“I feel for those people and we’re doing our best to support them through the government programs and with benefits, but it’s a difficult time for all of those people…It’s not a good situation,” Lawson said. “We have a large food-and-beverage operation… much like the restaurant business and the catering businesses. A good analogy would be with the banquet business. You just cannot envision in the next few months that we’re going to be hosting corporate parties or large gatherings of people. In addition to that group, we’ve got a lot of people in group sales, we’ve got a lot of people in hospitality… it goes on and on and on. It’s not just food and beverage – it’s guest services, mutuel tellers, security…. It impacts everything we do. It’s very difficult to ramp up when you’re closed to spectators. Even if we get permission to open, I’m not so sure that people are going to be rushing back into restaurants. I don’t want to be dramatic here, but do we ever go back to a buffet at Mohawk?”
Lawson said an abundance of caution is designed to show the province that horse racing deserves the faith placed in it to re-open in phase one.
“We’ve followed the lead of the provincial government and I think the fact that we’ve been singing from the same song sheet as the Premier has given us credibility in terms of how we’ve shown leadership,” Lawson said.
“I spent a lot of my time working with OLG (Ontario Lottery and Gaming corporation) and indirectly with Ministry of Finance, building the case as to why racing could resume. Racing, as you know in this province, isn’t really on everyone’s radar politically, but it should be because of all the people (employed by it), but you feel like you have to build the case every time,” Lawson said.
It has made for a long six weeks for Lawson and others at WEG.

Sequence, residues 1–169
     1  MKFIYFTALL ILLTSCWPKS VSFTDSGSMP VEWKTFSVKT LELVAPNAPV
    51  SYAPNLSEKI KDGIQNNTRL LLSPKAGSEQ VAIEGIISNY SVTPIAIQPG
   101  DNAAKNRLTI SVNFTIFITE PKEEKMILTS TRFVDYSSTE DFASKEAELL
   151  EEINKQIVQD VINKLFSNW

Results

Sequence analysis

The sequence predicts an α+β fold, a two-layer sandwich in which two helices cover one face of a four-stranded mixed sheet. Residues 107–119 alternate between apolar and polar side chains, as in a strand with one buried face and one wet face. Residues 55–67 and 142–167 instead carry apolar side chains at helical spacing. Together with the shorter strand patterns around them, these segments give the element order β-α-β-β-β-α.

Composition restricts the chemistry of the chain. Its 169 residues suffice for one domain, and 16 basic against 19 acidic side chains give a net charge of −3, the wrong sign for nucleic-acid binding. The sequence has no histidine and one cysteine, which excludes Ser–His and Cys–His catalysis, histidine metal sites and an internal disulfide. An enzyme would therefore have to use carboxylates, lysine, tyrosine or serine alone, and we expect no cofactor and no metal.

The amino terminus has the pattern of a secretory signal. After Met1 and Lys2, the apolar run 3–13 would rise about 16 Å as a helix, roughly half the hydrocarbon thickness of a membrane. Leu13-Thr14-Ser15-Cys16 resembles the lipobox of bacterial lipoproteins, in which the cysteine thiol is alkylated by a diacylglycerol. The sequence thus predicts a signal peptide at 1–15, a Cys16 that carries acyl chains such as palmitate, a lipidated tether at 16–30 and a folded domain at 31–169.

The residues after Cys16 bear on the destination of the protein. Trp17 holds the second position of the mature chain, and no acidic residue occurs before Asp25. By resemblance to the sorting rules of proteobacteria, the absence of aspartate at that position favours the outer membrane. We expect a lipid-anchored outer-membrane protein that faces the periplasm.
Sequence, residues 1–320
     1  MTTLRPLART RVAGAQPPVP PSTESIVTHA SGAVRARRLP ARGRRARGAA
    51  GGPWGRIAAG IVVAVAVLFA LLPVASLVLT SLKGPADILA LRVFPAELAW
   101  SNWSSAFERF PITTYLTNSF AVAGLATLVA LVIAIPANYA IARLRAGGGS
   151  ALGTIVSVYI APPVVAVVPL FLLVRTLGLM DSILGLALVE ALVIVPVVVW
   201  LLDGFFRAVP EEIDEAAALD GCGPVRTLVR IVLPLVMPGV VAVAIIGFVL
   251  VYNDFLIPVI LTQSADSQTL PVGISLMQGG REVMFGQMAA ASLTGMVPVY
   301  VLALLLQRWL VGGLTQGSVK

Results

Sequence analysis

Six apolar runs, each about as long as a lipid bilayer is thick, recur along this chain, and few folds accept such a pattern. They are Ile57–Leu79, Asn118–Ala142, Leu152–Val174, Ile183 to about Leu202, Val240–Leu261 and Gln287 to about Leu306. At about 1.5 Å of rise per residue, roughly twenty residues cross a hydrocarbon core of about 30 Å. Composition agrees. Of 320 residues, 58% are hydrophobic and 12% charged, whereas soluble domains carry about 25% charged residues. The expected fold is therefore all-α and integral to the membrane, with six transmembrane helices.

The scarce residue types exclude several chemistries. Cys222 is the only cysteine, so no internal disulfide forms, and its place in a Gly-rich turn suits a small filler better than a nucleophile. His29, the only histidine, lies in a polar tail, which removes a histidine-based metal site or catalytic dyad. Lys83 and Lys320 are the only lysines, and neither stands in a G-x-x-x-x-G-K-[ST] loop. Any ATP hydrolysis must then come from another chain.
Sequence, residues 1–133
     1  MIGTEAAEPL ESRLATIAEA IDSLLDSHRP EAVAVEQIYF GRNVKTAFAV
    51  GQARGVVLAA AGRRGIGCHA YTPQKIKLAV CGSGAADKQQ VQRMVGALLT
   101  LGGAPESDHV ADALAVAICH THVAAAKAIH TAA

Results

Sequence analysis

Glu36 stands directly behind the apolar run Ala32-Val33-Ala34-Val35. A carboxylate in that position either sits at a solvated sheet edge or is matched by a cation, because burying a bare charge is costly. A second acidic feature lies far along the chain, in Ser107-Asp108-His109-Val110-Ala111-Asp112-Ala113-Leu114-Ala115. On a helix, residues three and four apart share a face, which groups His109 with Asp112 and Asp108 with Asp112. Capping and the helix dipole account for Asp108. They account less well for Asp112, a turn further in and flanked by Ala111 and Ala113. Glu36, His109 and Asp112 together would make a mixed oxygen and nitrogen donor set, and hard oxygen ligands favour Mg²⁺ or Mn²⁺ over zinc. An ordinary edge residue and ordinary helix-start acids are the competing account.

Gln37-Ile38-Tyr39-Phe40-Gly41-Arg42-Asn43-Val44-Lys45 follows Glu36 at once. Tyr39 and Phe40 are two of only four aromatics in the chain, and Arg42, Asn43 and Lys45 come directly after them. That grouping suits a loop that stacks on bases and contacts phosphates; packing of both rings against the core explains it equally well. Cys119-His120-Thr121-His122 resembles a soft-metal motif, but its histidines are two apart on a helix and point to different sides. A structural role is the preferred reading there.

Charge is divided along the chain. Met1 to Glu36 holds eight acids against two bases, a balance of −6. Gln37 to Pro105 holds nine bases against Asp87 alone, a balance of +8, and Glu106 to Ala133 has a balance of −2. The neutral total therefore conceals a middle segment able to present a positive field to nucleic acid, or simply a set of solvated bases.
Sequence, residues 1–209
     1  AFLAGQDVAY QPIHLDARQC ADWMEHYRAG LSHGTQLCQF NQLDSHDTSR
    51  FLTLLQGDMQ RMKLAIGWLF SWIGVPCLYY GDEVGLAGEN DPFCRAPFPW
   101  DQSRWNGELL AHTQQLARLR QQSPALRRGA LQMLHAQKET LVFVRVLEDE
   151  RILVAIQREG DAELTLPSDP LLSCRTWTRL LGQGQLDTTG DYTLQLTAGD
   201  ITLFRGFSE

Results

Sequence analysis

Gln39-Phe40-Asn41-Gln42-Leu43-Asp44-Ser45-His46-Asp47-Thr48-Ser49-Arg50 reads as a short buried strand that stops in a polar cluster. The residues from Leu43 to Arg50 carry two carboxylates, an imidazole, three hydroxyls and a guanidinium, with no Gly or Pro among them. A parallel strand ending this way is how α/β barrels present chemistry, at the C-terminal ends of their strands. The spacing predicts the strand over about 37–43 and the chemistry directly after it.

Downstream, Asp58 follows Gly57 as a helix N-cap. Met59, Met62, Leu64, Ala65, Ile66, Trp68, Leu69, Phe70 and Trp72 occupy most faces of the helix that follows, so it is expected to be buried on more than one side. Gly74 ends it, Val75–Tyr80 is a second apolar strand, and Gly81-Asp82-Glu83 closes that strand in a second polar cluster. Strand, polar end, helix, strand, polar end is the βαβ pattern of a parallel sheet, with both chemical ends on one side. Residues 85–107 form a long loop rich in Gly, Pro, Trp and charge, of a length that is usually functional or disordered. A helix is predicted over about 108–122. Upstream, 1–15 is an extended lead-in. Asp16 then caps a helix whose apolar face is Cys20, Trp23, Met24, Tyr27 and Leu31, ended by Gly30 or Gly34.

“I can remember like it was yesterday, trying to decide how long to keep going at Mohawk on the Monday without spectators and then another try on the Thursday and then things just started to cave in on us with the regulators not wanting to show up at the track,” Lawson said. “It’s been crisis management for a couple of months. For me, every morning it’s like, ‘Wow, what’s going to hit today?’ This week it was the herpes virus in the backstretch at Woodbine. Then, various things with government and it’s just been pretty constant.
“It’s been two steps forward, one step back, every step along the way.”
THE NEW REALITY
He said racing will be drastically different when it does return and he implores the industry to follow the new rules.
“At this stage, WEG protocols, which have been submitted and approved by the AGCO (Alcohol and Gaming Commission of Ontario) as the basis for allowing us to proceed with training and racing at both of our racetracks, only allows essential personnel to be present. Those personnel will be strictly accounted for and screened. We are otherwise not allowing people, including our own employees, onto our property including the grandstand areas except on the same basis. There are many factors upon which we have prudently arrived at this decision and we do not expect this to change in the short term. At the same time we completely appreciate and recognize the support of our horse racing community and it will continue to be top of mind for us as circumstances change and allow us to adjust our policies. Thank you for your patience and understanding.”
That means people won’t be allowed to watch workouts or qualifiers on site, but Woodbine is looking into broadcasting those workouts and qualifiers.
“We’re saying, ‘Everyone take a deep breath.’ We’re fortunate to be racing… What we’re really trying to do is control this virus and we’re a long way from being in the clear on that.”